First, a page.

Can you help locate family of hero Sunderland soldier?

Lieutenant Colonel Sean Grant Commanding officer 101 Regiment Royal Artillery (left) with Alex Bonallie, club steward of the Royal Artillery Club, St Mary's Street Sunderland.
Lieutenant Colonel Sean Grant Commanding officer 101 Regiment Royal Artillery (left) with Alex Bonallie, club steward of the Royal Artillery Club, St Mary's Street Sunderland.
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The search has begun for the relations of a war hero awarded one of the highest royal honours as plans take shape for a memorial to his sacrifice.

Members of The Royal Artillery Club in Mary Street, Sunderland, are planning to buy a granite slab dedicated to Bombardier Henry Herbert Reed, who was awarded the George Cross posthumously for selfless heroism during the Second World War.

Lieutenant Colonel Sean Grant Commanding officer 101 Regiment Royal Artillery (sitting right) with with members of the Sunderland Armed Forces Network during their meeting held in the Royal Artillery Club, St Mary's Street Sunderland.

Lieutenant Colonel Sean Grant Commanding officer 101 Regiment Royal Artillery (sitting right) with with members of the Sunderland Armed Forces Network during their meeting held in the Royal Artillery Club, St Mary's Street Sunderland.

The tribute to the Sunderland soldier will form part of the Veterans’ Walk pathway, which will be laid in Mowbray Park to honour both living and deceased forces personnel.

The memorial slab is part of a series of events to mark 300 years of the Royal Artillery.

Alex Bonallie, club steward, said: “Bombardier Reed was killed on June 20, 1941, and as it approaches the 75th anniversary of his death we felt it was fitting to have a memorial to him.

“We know a little bit of history about his personal life, such as that he went to Bede School and worked in Binns, but it would be great to find some of his relations – however, we believe he was an only child.

“We found his grave at Bishopwearmouth Cemetery and it looks to be a family grave. We’d like to trace his family so we can get their permission to lay a stone in his honour.”

Herbert Reed was serving in No.2 Battalion, 1 Maritime Anti-Aircraft Regiment, Royal Artillery, when merchant ship SS Cormount was attacked by German E-boats and planes.

Despite suffering severe stomach wounds in the attack, the brave Gunner managed to carry two of his comrades to safety, before dying minutes later of his injuries.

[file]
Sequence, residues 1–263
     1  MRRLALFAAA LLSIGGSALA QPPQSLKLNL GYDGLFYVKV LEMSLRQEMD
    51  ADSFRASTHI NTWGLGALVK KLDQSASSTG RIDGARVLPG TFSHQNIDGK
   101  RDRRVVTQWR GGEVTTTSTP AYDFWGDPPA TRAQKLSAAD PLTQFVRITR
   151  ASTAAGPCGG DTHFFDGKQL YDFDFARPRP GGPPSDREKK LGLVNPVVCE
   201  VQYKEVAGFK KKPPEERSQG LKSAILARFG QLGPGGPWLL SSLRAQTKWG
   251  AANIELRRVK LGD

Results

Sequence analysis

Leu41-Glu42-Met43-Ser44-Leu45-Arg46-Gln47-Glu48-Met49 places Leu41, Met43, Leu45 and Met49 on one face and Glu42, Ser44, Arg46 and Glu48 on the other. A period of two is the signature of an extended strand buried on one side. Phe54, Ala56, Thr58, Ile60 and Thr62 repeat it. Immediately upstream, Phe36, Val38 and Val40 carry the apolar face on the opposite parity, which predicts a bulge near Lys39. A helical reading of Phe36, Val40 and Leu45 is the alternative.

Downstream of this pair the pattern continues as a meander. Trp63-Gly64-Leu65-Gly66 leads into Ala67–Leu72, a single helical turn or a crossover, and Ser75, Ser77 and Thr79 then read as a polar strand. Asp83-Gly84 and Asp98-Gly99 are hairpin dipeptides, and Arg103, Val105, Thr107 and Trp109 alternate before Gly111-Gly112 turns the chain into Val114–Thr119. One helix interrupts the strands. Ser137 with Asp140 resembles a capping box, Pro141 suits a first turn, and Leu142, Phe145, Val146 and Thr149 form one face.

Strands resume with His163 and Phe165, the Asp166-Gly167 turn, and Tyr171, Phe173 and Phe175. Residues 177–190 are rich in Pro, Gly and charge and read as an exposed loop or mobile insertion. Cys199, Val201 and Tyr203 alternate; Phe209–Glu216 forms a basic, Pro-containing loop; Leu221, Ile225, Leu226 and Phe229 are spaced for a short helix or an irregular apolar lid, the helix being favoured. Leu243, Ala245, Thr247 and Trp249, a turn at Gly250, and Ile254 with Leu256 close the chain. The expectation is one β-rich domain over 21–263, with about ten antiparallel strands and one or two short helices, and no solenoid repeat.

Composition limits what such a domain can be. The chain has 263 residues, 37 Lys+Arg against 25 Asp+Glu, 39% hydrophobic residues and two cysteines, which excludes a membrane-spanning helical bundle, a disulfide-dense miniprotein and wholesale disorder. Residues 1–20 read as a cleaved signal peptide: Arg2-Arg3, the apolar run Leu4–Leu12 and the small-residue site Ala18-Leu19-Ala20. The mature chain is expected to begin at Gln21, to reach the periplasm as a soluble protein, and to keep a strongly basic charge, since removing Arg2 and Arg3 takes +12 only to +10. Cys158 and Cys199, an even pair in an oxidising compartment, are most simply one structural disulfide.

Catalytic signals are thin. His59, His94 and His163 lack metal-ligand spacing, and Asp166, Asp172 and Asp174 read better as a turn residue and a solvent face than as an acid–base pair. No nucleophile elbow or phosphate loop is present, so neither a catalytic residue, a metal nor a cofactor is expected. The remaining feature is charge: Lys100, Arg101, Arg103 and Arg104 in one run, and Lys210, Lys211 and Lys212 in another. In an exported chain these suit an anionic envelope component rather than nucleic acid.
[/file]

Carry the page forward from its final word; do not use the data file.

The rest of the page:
He was praised at the time for “his gallant and utterly-selfless action” and was also awarded the Lloyd’s War Medal for Bravery at Sea.

Alex added: “The very reason this club exists is for soldiers to support each other, whether that be the current crop of squaddies to veterans, and this is our way of honouring the sacrifice he made.”

•If you have any details on Bombardier Reed’s family, contact Alex on info@thegunnerssunderland.

The Royal Artillery Club, known as The Gunners Club, started in the 1940s and was first opened in Norfolk Street as a men-only workman’s club.

In the 1960s, the club moved to Silksworth Row. It continued as a gentleman’s club and then moved again in the 90s to its current position in Mary Street.

Last year, it underwent a major £250,000 renovation to modernise its facilities.

Though the club still retains its core membership, non-members can also use the bar, lounge and function room.

As well as being a members’ club, the function room is used by many associations and unions, including the Sunderland Armed Forces Network.

Its events to mark 300 years of the Royal Artillery include a night of entertainment on May 26, when visitors can win £300-worth of alcohol.

Alex said: “The Royal Artillery is one of the oldest regiments in the country and Sunderland has a proud history with the forces, which recruits heavily from the area.”

Nationally, a baton will circumnavigate the globe to mark 300 years of the Royal Regiment, starting at its birth place in Woolwich and finishing at the regimental home in Larkhill.